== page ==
32 A Hydro-Meteorology Hypothesis Tested with Atmospheric Modeling The regional and local observations are complemented by a set of numerical atmospheric simulations that allow to: Generate a gridded dataset of key variables; Incorporate the effects of climate change; Incorporate the effects of SST change; Incorporate the effects of LCLU changes; Generate valuable datasets of variables not easily measured (e.g., atmospheric liquid water content, wind patterns); This done both at specific peirods of lake growth and shrinkage, and for the complete period of satellite observations.

33 A Hydro-Meteorology Hypothesis Tested with Atmospheric Modeling: Preliminary Results for Differences in Key Variables Total surface precipitation and Total liquid water content between m Averaged surface wind (vectors) with vertical motions (contours) and Total liquid water content along cross-section at N Lat. Modeling grids showing horizontal resolution of each. April 2004 (Lowest Point) and 1995 (Shrinking Period)

34 A Hydro-Meteorology Hypothesis Tested with Atmospheric Modeling: Preliminary Results for Differences in Key Variables Total surface precipitation and Total liquid water content between m Averaged surface wind (vectors) with vertical motions (contours) and Total liquid water content along cross-section at N Lat. Modeling grids showing horizontal resolution of each. April 2010 (Growth) and 1995 (Shrinking Period)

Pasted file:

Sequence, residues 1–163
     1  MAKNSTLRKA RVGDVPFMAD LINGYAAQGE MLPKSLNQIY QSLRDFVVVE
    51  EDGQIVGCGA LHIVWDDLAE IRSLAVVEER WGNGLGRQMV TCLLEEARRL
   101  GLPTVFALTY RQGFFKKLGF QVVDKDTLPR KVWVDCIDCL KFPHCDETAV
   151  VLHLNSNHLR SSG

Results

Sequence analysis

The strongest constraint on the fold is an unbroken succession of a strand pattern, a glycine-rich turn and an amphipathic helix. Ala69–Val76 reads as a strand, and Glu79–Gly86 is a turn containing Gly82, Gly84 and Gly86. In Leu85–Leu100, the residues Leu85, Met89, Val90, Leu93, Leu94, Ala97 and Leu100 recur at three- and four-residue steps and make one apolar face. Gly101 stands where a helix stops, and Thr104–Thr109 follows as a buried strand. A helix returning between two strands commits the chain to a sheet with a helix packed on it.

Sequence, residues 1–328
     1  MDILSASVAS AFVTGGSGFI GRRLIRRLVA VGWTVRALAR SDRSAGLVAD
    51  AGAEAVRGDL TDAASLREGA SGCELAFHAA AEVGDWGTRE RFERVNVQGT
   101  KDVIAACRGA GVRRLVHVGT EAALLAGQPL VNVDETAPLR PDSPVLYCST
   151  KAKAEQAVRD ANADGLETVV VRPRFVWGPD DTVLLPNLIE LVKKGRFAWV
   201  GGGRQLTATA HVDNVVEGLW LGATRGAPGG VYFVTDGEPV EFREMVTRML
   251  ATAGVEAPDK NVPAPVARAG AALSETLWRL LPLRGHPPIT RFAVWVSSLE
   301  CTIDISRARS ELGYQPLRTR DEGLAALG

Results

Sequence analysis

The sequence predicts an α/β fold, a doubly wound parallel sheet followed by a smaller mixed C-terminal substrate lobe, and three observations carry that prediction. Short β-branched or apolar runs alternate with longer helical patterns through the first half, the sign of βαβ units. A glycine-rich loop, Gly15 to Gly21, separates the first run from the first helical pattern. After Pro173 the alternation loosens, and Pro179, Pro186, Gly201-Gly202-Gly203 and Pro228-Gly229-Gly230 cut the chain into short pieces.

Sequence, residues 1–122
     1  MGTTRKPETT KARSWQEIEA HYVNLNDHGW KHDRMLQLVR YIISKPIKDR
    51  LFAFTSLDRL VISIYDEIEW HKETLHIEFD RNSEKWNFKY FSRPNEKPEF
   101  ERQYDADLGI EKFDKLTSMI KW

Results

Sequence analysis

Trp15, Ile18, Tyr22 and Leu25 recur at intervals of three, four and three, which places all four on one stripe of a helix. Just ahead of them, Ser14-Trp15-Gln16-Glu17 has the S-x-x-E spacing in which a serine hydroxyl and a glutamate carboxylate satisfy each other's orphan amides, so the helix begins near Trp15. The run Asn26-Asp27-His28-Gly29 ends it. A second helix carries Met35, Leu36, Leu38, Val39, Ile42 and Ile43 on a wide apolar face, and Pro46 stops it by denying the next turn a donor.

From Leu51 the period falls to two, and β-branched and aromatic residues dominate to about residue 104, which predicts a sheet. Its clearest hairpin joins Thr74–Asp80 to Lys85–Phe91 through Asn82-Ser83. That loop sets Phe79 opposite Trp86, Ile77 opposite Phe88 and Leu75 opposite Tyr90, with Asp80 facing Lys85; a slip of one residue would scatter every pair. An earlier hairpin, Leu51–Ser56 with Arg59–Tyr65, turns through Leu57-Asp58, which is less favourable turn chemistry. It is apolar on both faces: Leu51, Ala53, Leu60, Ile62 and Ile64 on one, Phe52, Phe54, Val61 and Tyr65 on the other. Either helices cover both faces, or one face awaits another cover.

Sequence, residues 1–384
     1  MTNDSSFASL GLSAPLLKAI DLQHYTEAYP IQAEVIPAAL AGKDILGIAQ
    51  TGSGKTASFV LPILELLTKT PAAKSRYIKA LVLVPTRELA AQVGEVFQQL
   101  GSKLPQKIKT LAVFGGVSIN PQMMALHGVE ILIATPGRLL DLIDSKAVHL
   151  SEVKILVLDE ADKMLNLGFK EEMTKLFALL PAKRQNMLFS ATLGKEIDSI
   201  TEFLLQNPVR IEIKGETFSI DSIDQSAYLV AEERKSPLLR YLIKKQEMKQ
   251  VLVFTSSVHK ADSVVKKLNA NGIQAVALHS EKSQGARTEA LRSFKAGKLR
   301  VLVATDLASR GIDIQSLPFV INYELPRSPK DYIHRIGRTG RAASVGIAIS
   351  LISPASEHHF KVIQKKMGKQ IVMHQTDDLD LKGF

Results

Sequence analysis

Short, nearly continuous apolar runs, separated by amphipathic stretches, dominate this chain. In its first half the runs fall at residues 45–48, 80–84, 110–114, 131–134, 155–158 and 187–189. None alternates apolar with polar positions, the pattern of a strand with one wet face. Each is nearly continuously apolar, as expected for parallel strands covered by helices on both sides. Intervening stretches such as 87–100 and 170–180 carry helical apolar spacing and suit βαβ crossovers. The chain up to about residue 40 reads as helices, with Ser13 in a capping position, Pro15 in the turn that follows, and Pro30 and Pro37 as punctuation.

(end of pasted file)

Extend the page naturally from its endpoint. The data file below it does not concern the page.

35 Upcoming modeling exercises recommended for a more complete lake analysis/characterization Perform simulation for April 2012 Incorporate LCLU change into current simulations Incorporate different SST values for the periods simulated Perform a quantitative factor separation analysis (Stein & Alpert, 1978) Determine statistical significance of differences found Monthly ERS simulations Incorporate, and update when appropriate, atmospheric conditions, LCLU specifications, SST information, and other variables Perform trend analysis and comparison with observations Complete simulation Model change in lake water levels performing a simple water balance of the basin/lake/cloud forest Lake water level (m) is a function of lake volume [h = f(V)] Hydrological modeling

36 Summary of Findings Lake Area - Lake expansion back to its size at 1984 in year 2006, and its size at the end of 2012 is 24% historically larger. Precipitation has risen above seasonal averages for 2004 to 2011 showing correlation with lake area increases. Both land surface temperature and sea surface temperature have been increasing very fast during the last decade resulting in increasing moisture contents in the basin. Increase in precipitation, SSTs, and moisture content, lead to hypothesized of increases in horizontal rain production. Land Usage – No significant land use changes were found that could contribute to increases in runoff. Lake Enriquillo Growth/CCNY/INTEC36

37 Recommendations For Future Studies Measurements to test the hypothesis Horizontal water production Mountain clouds over Sierras Bathymetry underground inflow Water salinity Further study of extreme events (rain events which produce flooding) frequency correlations with sea surface temperature. Projections via modeling to the future with emphasis on impacts of Caribbean climate changes due to global warming on Lakes Watershed. Resources are needed to extend these works. Lake Enriquillo Growth/CCNY/INTEC37